“I have to be honest with you,” she said with frank and sincere eyes, “When you got on stage, my friends and I were skeptical. You look like you are twelve! All I could think was ‘What could this girl possibly know about life? What can she offer us?’ I was wrong. My heart has been so inspired and challenged by your wisdom and your faith.”
I like this kind of honesty because-
As a person with a small platform, it is a somber reminder that just because I get on stage and open my mouth doesn’t mean people will like me, give me the benefit of the doubt, or hear a word I say. There is something that must first be earned.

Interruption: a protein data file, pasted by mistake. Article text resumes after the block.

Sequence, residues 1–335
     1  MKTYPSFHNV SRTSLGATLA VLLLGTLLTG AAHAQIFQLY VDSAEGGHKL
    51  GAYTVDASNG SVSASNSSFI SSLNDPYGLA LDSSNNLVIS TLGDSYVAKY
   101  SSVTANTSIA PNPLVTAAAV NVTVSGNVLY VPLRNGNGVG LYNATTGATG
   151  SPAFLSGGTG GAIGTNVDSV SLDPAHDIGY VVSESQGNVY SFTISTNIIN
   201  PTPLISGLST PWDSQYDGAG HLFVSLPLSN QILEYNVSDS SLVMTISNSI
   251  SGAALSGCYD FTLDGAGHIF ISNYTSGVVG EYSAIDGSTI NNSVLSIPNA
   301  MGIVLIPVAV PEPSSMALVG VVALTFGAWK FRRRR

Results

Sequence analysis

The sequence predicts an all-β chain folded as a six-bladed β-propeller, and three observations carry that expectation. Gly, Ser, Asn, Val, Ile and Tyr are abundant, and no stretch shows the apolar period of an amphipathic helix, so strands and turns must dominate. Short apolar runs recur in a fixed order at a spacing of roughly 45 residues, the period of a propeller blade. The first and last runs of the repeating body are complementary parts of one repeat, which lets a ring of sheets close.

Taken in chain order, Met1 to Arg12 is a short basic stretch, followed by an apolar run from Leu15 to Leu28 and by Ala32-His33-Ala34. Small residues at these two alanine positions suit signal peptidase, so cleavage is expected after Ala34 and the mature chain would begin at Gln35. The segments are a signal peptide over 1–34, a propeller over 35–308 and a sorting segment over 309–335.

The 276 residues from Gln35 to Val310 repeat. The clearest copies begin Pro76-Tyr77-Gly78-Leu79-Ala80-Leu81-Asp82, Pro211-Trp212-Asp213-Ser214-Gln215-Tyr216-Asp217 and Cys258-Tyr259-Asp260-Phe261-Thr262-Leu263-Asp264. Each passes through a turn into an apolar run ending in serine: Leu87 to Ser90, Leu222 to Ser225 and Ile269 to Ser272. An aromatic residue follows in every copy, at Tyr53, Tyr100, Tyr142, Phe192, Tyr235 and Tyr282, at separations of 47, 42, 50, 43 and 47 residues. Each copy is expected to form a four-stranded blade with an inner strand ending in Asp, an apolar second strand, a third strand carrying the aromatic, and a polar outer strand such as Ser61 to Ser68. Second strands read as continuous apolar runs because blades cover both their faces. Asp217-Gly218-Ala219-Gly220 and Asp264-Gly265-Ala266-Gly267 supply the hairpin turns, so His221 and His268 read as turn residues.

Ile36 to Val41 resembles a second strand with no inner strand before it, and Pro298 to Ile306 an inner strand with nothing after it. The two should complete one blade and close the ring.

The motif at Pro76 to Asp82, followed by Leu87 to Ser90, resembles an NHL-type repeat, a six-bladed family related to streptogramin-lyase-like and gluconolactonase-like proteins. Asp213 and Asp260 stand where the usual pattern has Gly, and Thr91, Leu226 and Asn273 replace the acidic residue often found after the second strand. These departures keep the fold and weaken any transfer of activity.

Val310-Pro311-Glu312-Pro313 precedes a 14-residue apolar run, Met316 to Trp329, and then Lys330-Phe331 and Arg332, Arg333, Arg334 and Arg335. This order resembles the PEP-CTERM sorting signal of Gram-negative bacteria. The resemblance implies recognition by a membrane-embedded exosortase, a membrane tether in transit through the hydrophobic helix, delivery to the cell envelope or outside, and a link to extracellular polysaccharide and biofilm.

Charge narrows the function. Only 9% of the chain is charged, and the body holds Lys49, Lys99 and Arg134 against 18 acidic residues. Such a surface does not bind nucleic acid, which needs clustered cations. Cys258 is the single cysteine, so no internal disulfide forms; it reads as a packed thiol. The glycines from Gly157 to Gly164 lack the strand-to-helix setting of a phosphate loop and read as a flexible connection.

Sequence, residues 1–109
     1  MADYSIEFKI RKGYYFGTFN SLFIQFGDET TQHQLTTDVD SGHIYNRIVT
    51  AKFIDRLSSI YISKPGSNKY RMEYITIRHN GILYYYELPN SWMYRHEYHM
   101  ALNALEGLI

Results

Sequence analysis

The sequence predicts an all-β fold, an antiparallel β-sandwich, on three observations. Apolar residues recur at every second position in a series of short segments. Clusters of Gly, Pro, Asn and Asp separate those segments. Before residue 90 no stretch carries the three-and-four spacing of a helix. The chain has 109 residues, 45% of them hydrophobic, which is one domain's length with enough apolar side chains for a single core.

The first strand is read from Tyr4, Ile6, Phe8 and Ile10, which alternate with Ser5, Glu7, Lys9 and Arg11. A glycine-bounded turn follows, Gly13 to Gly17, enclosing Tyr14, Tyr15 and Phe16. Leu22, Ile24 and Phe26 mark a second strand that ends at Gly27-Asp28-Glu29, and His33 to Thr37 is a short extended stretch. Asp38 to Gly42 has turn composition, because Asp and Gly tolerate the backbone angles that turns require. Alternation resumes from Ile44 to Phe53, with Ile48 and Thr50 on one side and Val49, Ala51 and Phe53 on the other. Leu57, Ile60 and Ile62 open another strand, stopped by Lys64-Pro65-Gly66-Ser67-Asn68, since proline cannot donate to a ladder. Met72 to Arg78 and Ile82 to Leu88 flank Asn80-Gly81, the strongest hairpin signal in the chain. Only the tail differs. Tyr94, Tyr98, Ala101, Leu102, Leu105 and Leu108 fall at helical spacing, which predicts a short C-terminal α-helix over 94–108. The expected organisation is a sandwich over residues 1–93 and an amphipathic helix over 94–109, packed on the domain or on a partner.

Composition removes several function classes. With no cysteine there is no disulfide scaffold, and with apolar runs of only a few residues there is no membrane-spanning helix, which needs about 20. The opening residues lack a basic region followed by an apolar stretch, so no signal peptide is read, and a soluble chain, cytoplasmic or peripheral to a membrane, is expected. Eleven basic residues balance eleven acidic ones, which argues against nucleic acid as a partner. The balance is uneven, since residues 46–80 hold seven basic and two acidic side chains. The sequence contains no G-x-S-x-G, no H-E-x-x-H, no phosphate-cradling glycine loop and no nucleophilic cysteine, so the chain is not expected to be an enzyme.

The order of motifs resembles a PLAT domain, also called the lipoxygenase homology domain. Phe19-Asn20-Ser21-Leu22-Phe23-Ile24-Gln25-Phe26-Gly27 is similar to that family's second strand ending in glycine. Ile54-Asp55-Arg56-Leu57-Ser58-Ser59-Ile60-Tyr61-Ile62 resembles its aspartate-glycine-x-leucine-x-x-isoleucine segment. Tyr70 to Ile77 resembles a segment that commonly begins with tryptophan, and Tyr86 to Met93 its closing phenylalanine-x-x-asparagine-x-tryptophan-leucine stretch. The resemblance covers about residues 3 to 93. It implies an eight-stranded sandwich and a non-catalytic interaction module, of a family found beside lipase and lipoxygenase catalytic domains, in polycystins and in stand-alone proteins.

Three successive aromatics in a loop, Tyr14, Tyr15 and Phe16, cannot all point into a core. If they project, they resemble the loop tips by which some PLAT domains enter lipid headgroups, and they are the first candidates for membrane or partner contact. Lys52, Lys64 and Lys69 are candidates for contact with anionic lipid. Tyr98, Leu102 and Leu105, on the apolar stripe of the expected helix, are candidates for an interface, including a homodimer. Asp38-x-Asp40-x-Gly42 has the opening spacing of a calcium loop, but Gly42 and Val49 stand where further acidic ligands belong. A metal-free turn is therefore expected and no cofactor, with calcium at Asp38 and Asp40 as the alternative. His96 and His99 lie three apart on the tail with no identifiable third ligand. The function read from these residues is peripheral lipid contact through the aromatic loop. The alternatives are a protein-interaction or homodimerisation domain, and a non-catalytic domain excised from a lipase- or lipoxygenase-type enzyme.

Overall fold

A gentle reminder to the artist, author, musician and storyteller that we must, as creative birthers, continually earn the trust and respect of those we serve, guide, challenge, delight and nurture through our craft. Just because I have created in the past, and some people have liked the creation, does not mean that the present group of people entrusted to me know about those bygone days (or care!). They are standing before someone they do not know- usually with time and money invested- and with great care I must seek to find a type of common ground by which to earn the ears of their hearts.